daily tarot card: Five of Wands

five of wands
five of wands, morgan greer tarot

This card reminds me of struggle and strife.  It looks like a lot of people clamoring for a spot or for what they think is right.  I don’t think it’s anything violent, but as wands are the suit of fire and creativity, it brings to mind when people are excited and want their opinions and ideas heard.  How can everyone in this space be validated and given a platform?

It brings to mind, for me, situations where my partner and I don’t exactly see “eye to eye” and we need to find a middle ground in order to move forward.  We’ve done a lot of this while experiencing buying and working on our house.

A lot of times, it’s me who is loudest or most particular or wants my way.  In our relationship, I am more uptight and Andrew is more laid-back.  What I’ve learned of late is that no one person needs to be “right.”  I’ve learned things aren’t always perfect or just one thing or another.  There are grey areas and compromises that aren’t bad, but are simply a shift.

I feel this is the lesson of the five of wands: where there is clamoring and disagreement, there often needs to be a shift in focus or perspective in order to move forward.

Back to my example of our home, it means that our compromise of today is putting aside the current big project (painting the bathroom) and instead lounging with our cat, Gary, and watching all of the Lord of the Rings extended films.  It is giving ourselves space and permission to relax and enjoy and fill our cups before plunging into 2019.  It is putting aside the to do list to just be.

Relating this back to the five of wands, this does not take the focus off the bigger picture, but allows us to “live our truth” for today and simply be.


I am blogging my experiences here with Beth Maiden’s Alternative Tarot Course which asks students to draw a card each day, reflect on it, complete weekly readings, and other assorted exercises.

Tarot Thursday Three: February 16, 2017

Well, I was pretty bummed to have missed posting this week’s #tarotthursdaythree on Thursday.  I had a funky work schedule this week — worked three midnight shifts then had to switch back to the day time on Friday.  Ugh.  Needless to say my sleep patterns were a little off, which found me very sleepy on Thursday during the day and not very productive….

Anyway, here are my answers for this week’s installment of #tarotthursdaythree, hosted by Julia, and questions from me!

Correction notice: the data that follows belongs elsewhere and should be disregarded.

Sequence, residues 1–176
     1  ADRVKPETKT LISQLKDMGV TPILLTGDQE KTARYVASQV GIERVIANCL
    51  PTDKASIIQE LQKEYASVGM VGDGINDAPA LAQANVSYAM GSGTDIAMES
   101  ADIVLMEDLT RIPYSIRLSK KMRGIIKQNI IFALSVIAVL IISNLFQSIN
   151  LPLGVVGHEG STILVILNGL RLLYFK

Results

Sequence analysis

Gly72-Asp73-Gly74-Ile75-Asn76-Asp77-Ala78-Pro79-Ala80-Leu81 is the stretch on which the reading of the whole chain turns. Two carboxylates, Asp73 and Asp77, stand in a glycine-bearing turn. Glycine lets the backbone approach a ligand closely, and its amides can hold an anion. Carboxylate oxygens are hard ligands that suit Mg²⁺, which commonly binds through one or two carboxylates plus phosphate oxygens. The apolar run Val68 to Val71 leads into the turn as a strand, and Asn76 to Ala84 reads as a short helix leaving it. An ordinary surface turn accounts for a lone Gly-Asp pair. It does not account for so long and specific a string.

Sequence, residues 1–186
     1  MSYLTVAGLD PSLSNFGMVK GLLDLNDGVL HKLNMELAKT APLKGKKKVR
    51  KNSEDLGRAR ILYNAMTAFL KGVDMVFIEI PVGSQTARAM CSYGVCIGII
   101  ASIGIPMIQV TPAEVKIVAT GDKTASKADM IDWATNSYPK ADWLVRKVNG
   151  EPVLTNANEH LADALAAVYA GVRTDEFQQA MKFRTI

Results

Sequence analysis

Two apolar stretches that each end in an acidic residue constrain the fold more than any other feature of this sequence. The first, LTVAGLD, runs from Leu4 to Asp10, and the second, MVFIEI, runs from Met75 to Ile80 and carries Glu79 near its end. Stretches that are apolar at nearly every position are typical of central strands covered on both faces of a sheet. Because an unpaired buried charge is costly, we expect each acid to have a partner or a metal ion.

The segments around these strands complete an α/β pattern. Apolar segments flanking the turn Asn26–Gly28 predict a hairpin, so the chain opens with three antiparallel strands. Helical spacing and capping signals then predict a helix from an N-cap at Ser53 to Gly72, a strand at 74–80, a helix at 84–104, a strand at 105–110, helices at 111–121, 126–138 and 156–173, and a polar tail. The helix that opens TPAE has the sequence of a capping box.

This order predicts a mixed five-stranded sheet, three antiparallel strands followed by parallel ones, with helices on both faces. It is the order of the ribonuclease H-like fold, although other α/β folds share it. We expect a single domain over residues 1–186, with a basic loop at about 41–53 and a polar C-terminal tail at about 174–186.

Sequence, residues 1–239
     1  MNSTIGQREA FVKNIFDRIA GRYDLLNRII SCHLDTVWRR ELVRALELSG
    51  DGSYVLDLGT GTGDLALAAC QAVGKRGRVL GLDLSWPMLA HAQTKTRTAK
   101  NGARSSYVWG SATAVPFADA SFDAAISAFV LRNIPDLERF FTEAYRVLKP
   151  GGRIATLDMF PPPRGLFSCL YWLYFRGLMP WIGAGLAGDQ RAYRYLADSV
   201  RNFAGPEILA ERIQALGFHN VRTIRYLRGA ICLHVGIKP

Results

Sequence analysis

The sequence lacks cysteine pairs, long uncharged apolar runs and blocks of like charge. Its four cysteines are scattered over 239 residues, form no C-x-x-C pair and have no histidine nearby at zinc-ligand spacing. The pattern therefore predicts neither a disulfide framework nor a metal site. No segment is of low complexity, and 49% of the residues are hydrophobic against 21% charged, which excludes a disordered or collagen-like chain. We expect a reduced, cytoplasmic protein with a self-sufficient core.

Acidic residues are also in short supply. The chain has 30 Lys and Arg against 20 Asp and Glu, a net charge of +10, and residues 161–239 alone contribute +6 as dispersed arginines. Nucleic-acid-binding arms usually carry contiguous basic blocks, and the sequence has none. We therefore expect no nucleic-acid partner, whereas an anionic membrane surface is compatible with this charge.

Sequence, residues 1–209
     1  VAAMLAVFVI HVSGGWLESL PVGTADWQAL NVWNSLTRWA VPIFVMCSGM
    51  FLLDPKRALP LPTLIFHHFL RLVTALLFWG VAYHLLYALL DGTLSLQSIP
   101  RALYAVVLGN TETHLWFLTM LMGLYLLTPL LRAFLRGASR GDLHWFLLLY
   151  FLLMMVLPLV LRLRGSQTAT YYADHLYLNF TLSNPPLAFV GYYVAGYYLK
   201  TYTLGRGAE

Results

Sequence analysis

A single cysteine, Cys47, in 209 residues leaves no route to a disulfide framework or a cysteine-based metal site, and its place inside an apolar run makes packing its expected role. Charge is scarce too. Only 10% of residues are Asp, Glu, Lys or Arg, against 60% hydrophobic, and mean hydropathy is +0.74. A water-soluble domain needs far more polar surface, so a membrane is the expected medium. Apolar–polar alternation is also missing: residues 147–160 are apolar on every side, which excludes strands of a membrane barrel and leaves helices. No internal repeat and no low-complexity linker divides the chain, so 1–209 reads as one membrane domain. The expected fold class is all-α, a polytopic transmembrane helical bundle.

1.  How do you feel about the Rider-Waite-Smith (RWS)?

Basically my answer to this question inspired this set of questions.  The RWS was my first deck, but not the first one that really inspired me to learn.  (I feel like I’ve told this story a million times but now YOU GET IT AGAIN!).  I had my tarot read with a RWS deck at a Fasching/Karnival/Mardi Gras party (similar to Vanessa’s story).  My reading was done only with Majors, and I don’t even really remember what she said, but I think I got the Devil, the Hanged Man and the Tower…?  Yikes!  I was intrigued by the mysticism of tarot — I had watched this woman read strangers’ tarot all night, and everyone was impressed.  Like a good little tarot beginner, I purchased a RWS deck but ultimately put it aside for years before purchasing The Wild Unknown, which is the deck that really started my journey.

Lately, however, I’ve been connecting really well with my RWS.  Originally, I just did not connect with the RWS images.  They seemed aloof and disconnected from the daily life that I experience.  As I learned more of the card meanings, I developed a connection with the traditional symbolism of the cards.  This idea/practice is discussed also over at Julia’s and Jill’s posts.  I find that the more decks I work with, the more other decks’ images come to mind as I’m reading, particularly with the RWS, which I don’t think is bad.  This helps to remind of of the different dimensions of a particular card.  My favorite rendition is the Smith-Waite Centennial Tarot, which is just dreamy in my opinion.

Anyway, so umm yeah, lovin’ the RWS lately.

2.  What was your beginning deck?

Well, I guess I answered that above — oops!  First purchased deck was the Rider Waite Tarot Pack, but The Wild Unknown is what got me really excited to learn tarot.

3.  Do all beginners need to start with the RWS (or clone), in your opinion? Why/why not?

I am woefully under-qualified to give tarot beginners any tips….but, I would mainly recommend a beginner to look at the Rider-Waite-Smith and clones to see if they connect with any of the decks’ images.  As I know, if you’re not inspired by the art, you’re not going to be inspired to continue to learn.  If you don’t like the RWS, pick a deck that speaks to your intuition and has gorgeous art.

That being said, I feel that there are so many RWS clones that it should be easy these days to find one that a new reader can appreciate.  Furthermore, if the reader intends to make a life-long study out of tarot, starting with a RWS would be most beneficial.  So basically…..any rules here are meant to be broken *shrug*.

Well, that’s it 🙂 … I think I already linked to everyone who has done this round so far (Julia and Jill).  Let me know if you make a post and I’ll check it out!

What do you think of the RWS?  What is the ideal beginner deck in your opinion?  Let me know in the comments.

exploringly yours,
Alaina x